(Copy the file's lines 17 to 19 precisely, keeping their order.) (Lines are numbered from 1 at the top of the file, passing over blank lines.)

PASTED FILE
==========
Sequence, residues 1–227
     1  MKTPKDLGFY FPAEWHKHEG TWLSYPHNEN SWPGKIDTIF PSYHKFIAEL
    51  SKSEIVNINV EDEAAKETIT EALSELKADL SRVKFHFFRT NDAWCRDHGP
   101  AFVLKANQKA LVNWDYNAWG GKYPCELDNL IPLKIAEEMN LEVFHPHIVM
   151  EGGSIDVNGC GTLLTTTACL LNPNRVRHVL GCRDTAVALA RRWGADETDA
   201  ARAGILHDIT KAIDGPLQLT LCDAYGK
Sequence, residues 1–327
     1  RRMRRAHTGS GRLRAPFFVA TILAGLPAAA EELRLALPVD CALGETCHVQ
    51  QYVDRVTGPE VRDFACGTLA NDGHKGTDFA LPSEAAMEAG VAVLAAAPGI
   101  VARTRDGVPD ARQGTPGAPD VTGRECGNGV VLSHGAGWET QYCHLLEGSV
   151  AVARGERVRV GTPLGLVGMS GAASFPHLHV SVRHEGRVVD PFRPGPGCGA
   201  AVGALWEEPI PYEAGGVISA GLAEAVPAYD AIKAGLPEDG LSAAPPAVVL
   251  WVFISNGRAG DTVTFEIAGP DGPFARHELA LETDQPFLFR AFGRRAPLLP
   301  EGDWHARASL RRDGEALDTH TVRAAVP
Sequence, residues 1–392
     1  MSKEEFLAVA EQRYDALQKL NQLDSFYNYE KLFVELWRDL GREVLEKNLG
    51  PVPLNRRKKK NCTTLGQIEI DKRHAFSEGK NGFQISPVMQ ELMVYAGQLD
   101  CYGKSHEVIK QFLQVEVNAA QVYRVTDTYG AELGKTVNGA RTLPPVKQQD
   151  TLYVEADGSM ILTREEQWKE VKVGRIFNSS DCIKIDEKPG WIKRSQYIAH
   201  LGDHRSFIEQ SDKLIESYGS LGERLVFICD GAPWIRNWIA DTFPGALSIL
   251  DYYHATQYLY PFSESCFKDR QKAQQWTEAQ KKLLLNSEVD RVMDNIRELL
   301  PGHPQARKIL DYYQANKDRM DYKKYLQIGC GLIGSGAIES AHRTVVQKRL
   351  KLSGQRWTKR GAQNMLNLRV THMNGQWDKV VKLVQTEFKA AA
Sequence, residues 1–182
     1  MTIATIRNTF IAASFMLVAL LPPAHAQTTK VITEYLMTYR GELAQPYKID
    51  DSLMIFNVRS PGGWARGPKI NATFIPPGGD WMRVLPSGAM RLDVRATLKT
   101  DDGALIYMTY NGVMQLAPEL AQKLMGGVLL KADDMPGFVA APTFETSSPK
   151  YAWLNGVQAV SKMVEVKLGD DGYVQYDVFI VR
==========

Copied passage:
    51  PVPLNRRKKK NCTTLGQIEI DKRHAFSEGK NGFQISPVMQ ELMVYAGQLD
   101  CYGKSHEVIK QFLQVEVNAA QVYRVTDTYG AELGKTVNGA RTLPPVKQQD
   151  TLYVEADGSM ILTREEQWKE VKVGRIFNSS DCIKIDEKPG WIKRSQYIAH